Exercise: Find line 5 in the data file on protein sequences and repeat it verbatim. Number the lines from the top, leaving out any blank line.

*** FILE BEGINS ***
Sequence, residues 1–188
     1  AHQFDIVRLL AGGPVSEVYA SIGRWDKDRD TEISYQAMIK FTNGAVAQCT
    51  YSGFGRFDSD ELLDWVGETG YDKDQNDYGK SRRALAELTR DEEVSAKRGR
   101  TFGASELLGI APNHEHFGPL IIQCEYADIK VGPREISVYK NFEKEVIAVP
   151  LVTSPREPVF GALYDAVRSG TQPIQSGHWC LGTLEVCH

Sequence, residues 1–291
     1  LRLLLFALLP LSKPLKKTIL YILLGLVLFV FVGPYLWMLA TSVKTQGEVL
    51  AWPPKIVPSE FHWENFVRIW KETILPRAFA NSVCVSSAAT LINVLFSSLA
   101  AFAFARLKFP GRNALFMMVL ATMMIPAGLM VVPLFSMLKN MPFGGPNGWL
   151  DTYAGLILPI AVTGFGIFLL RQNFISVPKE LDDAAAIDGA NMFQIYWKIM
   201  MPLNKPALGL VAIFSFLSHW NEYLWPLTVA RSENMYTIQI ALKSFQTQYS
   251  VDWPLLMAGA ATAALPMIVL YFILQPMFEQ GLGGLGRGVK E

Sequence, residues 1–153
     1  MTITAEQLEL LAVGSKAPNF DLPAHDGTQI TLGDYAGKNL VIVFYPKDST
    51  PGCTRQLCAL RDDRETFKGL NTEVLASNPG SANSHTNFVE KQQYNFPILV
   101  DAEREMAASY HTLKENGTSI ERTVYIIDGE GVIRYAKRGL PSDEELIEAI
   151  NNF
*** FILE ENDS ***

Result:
   151  LVTSPREPVF GALYDAVRSG TQPIQSGHWC LGTLEVCH